I read once that in the early days of his ministry at Willow Creek Community Church, pastor John Ortberg contacted a spiritual leader for advice (I think it was Dallas Willard).
“What do I need to do to be spiritually healthy?” Ortberg asked.
“You must ruthlessly eliminate hurry from your life,” he said at last.
That’s it. Willard refused to add anything else to his advice—not even a footnote.
That concept sounded challenging when I only had to manage myself and my anxiety-ridden mind. Now we have kids, and hurry just feels like the baseline for every day.
Before the birth of our first son, I asked a mother of three (now four) about the ways that having a kid changes your day-to-day life.
Her eyes grew big. “The nap,” she said. “Everything revolves around the nap.”
I only have two kids, but her advice has proven true thus far. Most days I can only make the nap happen if I hurry.
If you’ve ever seen a young kid completely losing it in a store, red-faced bawling and throwing everything while shrieking, “NOOOOO!!!!”, you have most likely seen evidence of either a late nap or no nap. Not every time, mind you, but this is a typical outcome for nap-less child.
I consider myself a spiritual or contemplative writer. I also spend about half of each day with our kids. Hurry feels essential to the latter even if it’s toxic for the former.
Most days it’s on me to get the kids home in time for their naps, preparing lunch, finding what they need for nap time, and setting things up for a smooth transition for when my wife comes home to put the oldest down for a nap.
If I’m late, there’s no wiggle room. Lunch is a long, slow, messy disaster where the older child spills milk frequently, food is chewed up and then thrown by the younger child, and both require constant prodding to take the next bite.
You could say that each day is like a stack of dominos where falling off course at an early point in the day makes it that much harder to knock out the next thing.
If the kids are late for lunch, then I can expect that they’re late for their naps, I’m late to my work, the chance of at least one kid having a melt down increases, the chance of short or skipped naps increases, and then an afternoon of over-tired and cranky kids increases.
There’s no single moment that is a make or break scene. A late nap isn’t a guarantee that the wheels will fall off. It’s more like you’ve loosened up the lug nuts on the wheels and taken a high-speed drive on a bumpy road.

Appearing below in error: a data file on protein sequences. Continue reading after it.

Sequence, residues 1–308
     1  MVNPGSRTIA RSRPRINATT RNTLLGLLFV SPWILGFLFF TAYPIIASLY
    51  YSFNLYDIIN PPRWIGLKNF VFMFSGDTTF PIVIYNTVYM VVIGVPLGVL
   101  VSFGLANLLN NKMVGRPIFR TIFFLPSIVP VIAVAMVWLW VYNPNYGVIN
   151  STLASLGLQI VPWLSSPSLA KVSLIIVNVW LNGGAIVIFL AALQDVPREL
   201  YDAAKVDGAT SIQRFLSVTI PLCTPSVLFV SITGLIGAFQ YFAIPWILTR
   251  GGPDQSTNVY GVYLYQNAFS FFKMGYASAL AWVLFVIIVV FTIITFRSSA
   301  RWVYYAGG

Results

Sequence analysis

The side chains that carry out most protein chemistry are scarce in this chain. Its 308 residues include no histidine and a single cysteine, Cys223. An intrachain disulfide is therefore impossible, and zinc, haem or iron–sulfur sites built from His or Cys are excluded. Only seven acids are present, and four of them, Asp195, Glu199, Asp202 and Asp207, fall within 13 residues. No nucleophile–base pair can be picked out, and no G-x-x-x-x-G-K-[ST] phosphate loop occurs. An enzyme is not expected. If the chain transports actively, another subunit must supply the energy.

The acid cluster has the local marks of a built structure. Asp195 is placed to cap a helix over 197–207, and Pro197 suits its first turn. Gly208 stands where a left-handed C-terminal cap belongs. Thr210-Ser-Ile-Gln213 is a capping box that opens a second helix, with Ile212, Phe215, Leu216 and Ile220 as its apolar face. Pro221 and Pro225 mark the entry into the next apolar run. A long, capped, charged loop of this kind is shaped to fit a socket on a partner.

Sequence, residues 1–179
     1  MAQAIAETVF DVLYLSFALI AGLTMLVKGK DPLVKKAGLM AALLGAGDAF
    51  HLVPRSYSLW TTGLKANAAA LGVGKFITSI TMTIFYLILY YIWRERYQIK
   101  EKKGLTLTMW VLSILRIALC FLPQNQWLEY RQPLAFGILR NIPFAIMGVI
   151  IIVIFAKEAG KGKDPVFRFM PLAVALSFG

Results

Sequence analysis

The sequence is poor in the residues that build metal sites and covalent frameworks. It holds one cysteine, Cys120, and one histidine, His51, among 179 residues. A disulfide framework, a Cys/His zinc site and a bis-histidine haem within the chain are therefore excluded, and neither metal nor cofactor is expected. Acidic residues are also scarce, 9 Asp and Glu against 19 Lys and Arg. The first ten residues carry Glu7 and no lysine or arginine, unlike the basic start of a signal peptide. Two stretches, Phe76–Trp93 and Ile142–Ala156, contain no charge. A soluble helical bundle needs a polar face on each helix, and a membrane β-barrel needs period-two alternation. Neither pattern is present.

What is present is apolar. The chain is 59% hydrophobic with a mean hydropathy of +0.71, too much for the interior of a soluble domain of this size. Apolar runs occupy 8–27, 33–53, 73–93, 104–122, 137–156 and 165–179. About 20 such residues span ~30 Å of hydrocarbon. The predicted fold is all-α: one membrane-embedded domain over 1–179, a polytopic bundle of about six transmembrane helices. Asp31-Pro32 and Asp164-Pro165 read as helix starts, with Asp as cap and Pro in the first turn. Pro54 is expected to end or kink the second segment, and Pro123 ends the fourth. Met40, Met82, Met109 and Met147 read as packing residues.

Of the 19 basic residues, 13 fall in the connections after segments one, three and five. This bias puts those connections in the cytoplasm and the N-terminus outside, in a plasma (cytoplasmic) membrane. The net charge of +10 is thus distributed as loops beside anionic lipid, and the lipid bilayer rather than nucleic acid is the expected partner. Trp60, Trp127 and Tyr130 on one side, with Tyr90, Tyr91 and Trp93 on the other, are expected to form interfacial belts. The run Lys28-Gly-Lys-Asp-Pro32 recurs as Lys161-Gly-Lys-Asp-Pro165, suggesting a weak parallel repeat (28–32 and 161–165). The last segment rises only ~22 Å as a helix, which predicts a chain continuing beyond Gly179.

In order to make the nap happen I have to manage the prodding of my children throughout the morning. If we’re going to the children’s science museum and still have time for lunch, the ideal is to leave the house by 9:30 am, and the prodding always includes negotiating, cleaning up spills, and multiple threats. The journey from the parking lot to the ticket desk to the play area requires SIGNIFICANT prodding to stay on track. Then the play time is followed by more prodding to get a snack and more prodding to get all the way back to the car and then, hopefully, a little prodding to get into the house.
I know that my tendency is to be a hurried, up-tight, no-nonsense parent. While we can’t stop and look at every single display in the science museum hallway, I began to wonder this fall if I needed to work on cutting back on the hurry in my life. I started to notice that plenty of parents bring their kids 5-10 minutes late for pre-school. Yes, our son prefers to be there early, but that has yet to translate into cooperation when leaving the house without a long list of conditions and needs.
There are times when we genuinely need to move faster in order to get the kids home in time to eat and then sleep. However, hurry has also become a default setting of sorts for myself.
Hurry becomes a lifestyle rather than an occasional tactic for moving kids in the right direction when time is of the essence.
I’m working on my awareness of hurry through my daily Examen practice. I want to know when I’m making too much of a small thing. I also want to extend grace to myself when I’m doing my best to handle a difficult situation.
I can feel the pull of hurry when I’m praying, meditating on scripture, reflecting on my day, or reading at the end of the day. There’s a pull to get this done and move on to the next thing.
With hurry, life becomes a production line where tasks need to be completed efficiently and production capacity is the only goal.
Hurry hates stillness and quiet.
Hurry hates “being” because it’s all about doing. Spirituality needs being in order to translate into doing.
Parents who want to cultivate a healthy spiritual life regularly face this gap between what spiritual leaders tell us we need and the meager scraps left in our days. This spiritual struggle while parenting small children is well documented in Micha Boyett’s book Found.
Must parents watch their spirituality whither away under the burden of hurry?
I’m very much in process here. I don’t have the answers. I do have an observation:
The spirit or mindset of hurry strikes me as a far greater threat rather than beating myself up over each time I have to hurry in order to keep our kids happy and sane.
I don’t want to let hurry become my default. I don’t want hurry to be a part of nearly every interaction with my kids.
And here’s the real kicker and perhaps the greatest trap of all: We can be in a hurry to get rid of… hurry.
I’ve been moving into a season of awareness and discernment about hurry. I don’t want to rush this. After all, I most likely became a hurried, worried parent gradually. What makes me think the solution will happen overnight?
I’m not in a hurry to address my struggles with hurry, and that feels like enough for today.